Technology is a vital resource that has improved our lives in countless ways. For instance, it’s because of technology that information on nearly any subject is never more than a few swipes or keystrokes away. Additionally, technology has enabled complex medical procedures that save lives every day. And let’s not forget how much easier communication has become, allowing people on opposite sides of the world to have conversations in real time using smartphones, tablets, personal computers and other connected devices.
Despite our increasing reliance on technology, we’re always on the hunt for news ways that technology can be implemented, no matter how commonplace or obscure the application might be. So it was only a matter of time before the conversation surrounding addiction rehabilitation turned technical; after all, addictions that involve the overuse of various technologies — i.e., internet addiction1 and video game addiction2 — are considered very real problems. However, that’s not to say that the use of technology is more harmful than helpful. Let’s look at some examples of how today’s technologies are beneficial for addiction recovery.
According to recent data, of all Americans who carry mobile phones, approximately 70 percent are using smartphones.3 What makes a smart phone “smart” is its ability to function as a personal computer: it can install/uninstall software (usually called “apps”) and offers internet access and the ability to browse the web. It stands to reason that a similar ratio of those struggling with addiction are carrying smartphones too. Therefore, if smartphones could somehow be a recovery resource, many addicted individuals would benefit.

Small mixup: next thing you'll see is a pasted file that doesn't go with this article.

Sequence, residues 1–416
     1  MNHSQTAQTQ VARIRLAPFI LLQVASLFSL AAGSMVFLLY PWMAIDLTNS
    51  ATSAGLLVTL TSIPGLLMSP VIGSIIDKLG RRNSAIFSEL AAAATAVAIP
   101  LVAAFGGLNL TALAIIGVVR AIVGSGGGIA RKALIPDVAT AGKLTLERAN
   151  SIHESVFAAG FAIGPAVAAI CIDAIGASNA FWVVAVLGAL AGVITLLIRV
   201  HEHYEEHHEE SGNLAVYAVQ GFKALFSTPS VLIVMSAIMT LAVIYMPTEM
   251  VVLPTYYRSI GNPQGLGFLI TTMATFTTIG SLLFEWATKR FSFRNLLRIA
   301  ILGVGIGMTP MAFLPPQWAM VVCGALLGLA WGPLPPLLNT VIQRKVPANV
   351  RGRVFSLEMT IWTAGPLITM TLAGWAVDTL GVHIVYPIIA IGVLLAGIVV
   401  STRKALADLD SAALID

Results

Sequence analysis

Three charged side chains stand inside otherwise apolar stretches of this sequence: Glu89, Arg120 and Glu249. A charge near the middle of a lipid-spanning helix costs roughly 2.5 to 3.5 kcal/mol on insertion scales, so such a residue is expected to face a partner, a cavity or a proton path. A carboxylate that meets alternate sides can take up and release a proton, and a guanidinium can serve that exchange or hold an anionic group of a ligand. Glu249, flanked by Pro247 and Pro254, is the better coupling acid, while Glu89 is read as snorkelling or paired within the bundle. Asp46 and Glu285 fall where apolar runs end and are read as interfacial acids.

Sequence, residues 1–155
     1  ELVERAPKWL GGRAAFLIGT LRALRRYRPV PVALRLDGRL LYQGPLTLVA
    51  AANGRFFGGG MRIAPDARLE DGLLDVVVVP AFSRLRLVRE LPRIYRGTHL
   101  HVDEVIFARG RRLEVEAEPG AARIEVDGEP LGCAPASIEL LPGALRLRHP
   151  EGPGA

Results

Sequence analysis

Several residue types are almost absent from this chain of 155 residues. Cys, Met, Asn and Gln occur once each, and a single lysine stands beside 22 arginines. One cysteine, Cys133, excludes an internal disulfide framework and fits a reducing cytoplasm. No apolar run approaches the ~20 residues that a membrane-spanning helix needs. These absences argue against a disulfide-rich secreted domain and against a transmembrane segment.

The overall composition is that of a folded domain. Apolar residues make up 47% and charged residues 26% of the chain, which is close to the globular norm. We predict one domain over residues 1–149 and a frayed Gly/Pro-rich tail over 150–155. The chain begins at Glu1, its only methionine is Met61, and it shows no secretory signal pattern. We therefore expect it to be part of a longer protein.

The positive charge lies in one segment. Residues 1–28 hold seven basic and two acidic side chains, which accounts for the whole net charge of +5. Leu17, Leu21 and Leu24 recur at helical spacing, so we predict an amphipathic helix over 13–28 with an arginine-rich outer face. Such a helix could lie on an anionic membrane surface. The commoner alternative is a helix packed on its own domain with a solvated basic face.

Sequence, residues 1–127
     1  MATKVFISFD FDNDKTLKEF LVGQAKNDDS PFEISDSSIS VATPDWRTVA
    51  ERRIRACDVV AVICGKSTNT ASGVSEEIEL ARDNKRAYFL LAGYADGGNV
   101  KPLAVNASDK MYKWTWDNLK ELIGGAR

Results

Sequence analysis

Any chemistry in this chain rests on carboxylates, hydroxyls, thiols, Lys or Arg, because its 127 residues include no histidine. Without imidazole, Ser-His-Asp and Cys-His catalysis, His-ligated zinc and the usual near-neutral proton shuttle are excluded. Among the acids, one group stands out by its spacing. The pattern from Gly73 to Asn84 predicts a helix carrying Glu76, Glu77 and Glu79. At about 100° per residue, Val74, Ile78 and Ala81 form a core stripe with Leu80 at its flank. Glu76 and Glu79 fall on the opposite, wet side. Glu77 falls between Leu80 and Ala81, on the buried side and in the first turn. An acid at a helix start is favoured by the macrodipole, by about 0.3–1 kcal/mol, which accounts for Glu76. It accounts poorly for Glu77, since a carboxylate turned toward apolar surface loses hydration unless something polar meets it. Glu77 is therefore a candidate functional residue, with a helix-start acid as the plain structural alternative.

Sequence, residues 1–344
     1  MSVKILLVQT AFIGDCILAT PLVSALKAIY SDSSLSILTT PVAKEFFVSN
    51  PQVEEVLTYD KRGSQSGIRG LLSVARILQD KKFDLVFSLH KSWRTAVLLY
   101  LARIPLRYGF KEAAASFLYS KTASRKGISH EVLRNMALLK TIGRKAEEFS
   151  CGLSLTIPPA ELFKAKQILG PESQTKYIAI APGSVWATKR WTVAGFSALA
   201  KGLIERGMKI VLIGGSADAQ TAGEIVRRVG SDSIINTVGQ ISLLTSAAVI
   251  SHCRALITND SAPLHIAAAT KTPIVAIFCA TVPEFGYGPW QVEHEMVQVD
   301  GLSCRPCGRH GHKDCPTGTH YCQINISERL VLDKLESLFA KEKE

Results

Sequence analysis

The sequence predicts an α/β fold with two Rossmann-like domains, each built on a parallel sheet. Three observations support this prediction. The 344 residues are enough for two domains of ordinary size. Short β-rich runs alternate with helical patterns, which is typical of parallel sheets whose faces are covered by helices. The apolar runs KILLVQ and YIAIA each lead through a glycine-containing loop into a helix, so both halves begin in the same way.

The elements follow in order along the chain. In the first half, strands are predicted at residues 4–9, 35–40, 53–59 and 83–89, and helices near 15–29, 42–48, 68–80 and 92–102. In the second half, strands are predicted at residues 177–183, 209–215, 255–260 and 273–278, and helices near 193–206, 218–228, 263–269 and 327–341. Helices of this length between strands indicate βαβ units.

The most apparent way for smartphones to be a recovery resource would be with software. Sure enough, many mobile apps are designed to be recovery-oriented resources. A prime example is AA Big Book Free, a free mobile app that contains the entirety of the “Big Book, “the main text of Alcoholics Anonymous and its derivative groups. Available for both iPhones4 and Android smartphones,5 the app deconstructs the 12-Step method, making each individual step, prayers and even personal stories easily accessible. In addition to making this literature available, this app essentially provides an on-demand copy of the Big Book at all times. In addition, there are also other apps designed to help find support groups and other meetings based on a person’s physical location.
While apps can be great resources for people to explore on their own, they’re not as useful on the “back end” of addiction recovery, including areas such as screening and actual treatment. However, that doesn’t mean technology isn’t increasingly found there. In fact, screening for addiction and substance abuse problems has been an area that has seen much improvement through the use of technology.6 For instance, the availability of alcoholism and drug addiction screeners on the internet has helped a number of people to realize the scope of their substance abuse, which sometimes leads them to seek treatment or at least be more receptive to the prospect of rehabilitation.